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A Changed Joni Mitchell Print-ready version

by Luis Feliu
Canberra Times (Australia)
March 3, 1978
Original article: PDF

DON JUAN'S RECKLESS DAUGHTER, Joni Mitchell, Asylum Records, distributed by WEA.

The music of Roberta Joan Anderson (alias Joni Mitchell) has always been marked by continual change. Progression has been the key which has kept her music invigorating and interesting.

As with her previous album. "Hejira", this double LP shows a progression in the form of a strong fusion of folk and jazz, with a leaning in this one for Brazilian or Latin-American jazz. I have listened to this one now quite a number of times in the past two weeks but it will probably take much, much longer before I can properly understand it or "get into it", let alone define it.

Nevertheless, it is obvious that the music is of a very high standard. The majority of the people living in my house are Joni Mitchell devotees and their general opinion is that the prefer some of her earlier works. This album is not in the least commercial even though this artist is established. She is not going to sell any more albums and may probably lose a few of her folkier fans; not that it would concern her, she does as she pleases.

To analyse this album, lyrics and all, with the little time I have listened to it would be too difficult (excuses). The first real impression I had was the sound, crisp and clear. Excellent mixing: credit goes to the mixers, Steve Katz and Henry Lewy.

'Don Juan's Reckless Daughter' has, in most parts, depth and intensity, created by dramatic interludes of interwoven percussion and multi-layering. Some familiar musicians, namely premier percussionist Airto Moreita, bassist Jaco Pastorius (Weather Report), drummer John Guerin, sax-player Wayne Shorter and vocalist Chaka Khan among others contribute to the refined core of the album.

The fascinating chemistry which jazz has is that it can accommodate any other form of music and just about do anything with it. Miss Mitchell finds herself just as much at home with these predominantly jazz musicians as she did with the L.A. Express or when solo.

The album begins with an overture, 'Cotton Avenue', about being young and dreaming of going off to the exciting, lively part of town to dancc. 'Talk to Me', one of my favourites, is an anguished introspection, yet light and not serious. A new version of 'Jericho' closes side one. Throughout that side and on most of the other tracks, a prominent sound is that of Pastorius's fretless bass, which holds the bottom line. His punchy bass lines would easily catch the attention of a musician doing a solo.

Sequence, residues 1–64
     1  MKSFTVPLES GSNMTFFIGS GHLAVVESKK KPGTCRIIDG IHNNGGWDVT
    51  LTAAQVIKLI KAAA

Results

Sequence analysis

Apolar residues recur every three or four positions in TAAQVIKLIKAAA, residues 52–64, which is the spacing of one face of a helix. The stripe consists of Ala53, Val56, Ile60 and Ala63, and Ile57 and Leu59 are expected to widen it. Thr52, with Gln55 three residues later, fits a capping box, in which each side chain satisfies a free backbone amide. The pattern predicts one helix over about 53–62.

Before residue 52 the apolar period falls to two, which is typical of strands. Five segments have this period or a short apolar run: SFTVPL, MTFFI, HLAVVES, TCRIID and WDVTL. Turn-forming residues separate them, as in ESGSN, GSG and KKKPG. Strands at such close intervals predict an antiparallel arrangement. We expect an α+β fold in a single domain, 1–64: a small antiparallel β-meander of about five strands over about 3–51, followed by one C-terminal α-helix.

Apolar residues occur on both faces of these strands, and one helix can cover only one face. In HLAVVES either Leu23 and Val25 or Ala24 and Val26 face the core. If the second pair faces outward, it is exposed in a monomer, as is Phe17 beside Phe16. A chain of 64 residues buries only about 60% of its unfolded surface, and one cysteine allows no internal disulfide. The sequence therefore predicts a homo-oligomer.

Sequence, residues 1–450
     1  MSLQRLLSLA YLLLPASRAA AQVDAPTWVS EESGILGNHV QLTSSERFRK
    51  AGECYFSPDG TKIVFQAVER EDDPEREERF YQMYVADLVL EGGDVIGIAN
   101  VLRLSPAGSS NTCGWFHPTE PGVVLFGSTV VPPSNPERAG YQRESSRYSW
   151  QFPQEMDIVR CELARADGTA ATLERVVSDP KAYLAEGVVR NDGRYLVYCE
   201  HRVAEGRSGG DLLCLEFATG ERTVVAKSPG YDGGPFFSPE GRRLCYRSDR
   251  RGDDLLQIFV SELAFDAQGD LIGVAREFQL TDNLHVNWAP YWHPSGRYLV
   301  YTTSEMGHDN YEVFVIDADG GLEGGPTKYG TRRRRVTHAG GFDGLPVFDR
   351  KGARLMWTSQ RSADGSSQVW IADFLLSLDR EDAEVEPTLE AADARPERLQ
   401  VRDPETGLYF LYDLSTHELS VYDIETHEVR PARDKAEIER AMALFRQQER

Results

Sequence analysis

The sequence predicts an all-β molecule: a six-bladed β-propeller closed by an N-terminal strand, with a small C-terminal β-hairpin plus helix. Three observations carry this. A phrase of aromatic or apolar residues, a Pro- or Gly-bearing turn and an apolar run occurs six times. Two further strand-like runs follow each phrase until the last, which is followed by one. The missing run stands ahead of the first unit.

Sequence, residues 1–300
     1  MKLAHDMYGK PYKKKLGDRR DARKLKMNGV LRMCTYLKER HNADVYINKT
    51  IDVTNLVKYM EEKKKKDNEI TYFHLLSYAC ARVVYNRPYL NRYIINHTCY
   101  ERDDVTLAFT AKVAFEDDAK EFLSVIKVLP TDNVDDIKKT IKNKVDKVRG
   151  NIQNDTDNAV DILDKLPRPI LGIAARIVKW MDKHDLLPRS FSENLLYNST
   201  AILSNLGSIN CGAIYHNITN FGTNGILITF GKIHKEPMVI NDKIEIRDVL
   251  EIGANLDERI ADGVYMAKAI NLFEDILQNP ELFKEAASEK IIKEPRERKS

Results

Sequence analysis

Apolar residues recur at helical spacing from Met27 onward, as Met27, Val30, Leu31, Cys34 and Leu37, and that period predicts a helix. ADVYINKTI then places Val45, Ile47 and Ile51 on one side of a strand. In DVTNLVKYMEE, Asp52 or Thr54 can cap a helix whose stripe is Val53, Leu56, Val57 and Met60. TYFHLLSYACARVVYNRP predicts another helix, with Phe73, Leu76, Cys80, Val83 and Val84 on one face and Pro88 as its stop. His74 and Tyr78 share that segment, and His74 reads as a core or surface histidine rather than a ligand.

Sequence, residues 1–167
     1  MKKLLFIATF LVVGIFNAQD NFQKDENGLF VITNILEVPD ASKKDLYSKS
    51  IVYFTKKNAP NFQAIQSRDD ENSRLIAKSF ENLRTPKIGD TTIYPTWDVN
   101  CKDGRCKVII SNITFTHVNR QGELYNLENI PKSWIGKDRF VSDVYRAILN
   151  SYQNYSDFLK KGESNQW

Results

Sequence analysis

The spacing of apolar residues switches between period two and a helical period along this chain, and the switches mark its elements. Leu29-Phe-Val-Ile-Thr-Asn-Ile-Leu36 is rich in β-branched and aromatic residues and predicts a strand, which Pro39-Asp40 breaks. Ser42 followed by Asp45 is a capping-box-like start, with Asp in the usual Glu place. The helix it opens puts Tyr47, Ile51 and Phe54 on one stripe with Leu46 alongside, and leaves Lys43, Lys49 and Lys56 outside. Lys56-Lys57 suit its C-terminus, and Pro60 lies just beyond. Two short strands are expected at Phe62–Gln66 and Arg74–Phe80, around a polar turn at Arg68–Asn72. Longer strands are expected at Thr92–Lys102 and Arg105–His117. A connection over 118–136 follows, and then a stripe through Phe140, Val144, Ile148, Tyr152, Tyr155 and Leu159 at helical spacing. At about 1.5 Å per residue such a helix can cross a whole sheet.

Side two is taken up by the one track, 'Paprika Plains', which did not impress. Joni here plays the piano as she spins images of Americana with the help of an orchestra. Side three opens with 'Otis and Marlena', old-style Joni, about affluent people who visit Miami for body surgery. 'The Tenth World' is a high-energy percussion instrumental featuring Manolo Badrena on lead chant, coffee cans and congas, apart from Airto on a Surdo or bass drum, Pastorius on bongos, and others using different percussive instruments or backing vocals; sends you right up the Amazon. 'Dreamland' also has a catchy rhythm-beat with a Latin-American feel.

Side four opens with the title track, a more accessible tune with various and repeated allusions to snakes and eagles, in parts or in whole (wings, scales, "split-tongued", feathers, serpents, talon etc). These images crop up in other songs on the album. The lyrics arc interesting and give a hint to Joni's alleged split personality: 'The eagle and the serpent are at war in me / The Serpent fighting for blind desire / The eagle for clarity'. Really displays her fine talent as a poet. The last two tracks-'Off Night Backstreet' and 'The Silk Veils of Ardor' arc quieter tunes dealing with receiving and giving love.

'Don Juan's Reckless Daughter", I'm sure, has plenty to offer; it may take a while to absorb, but the satisfaction is worth it.

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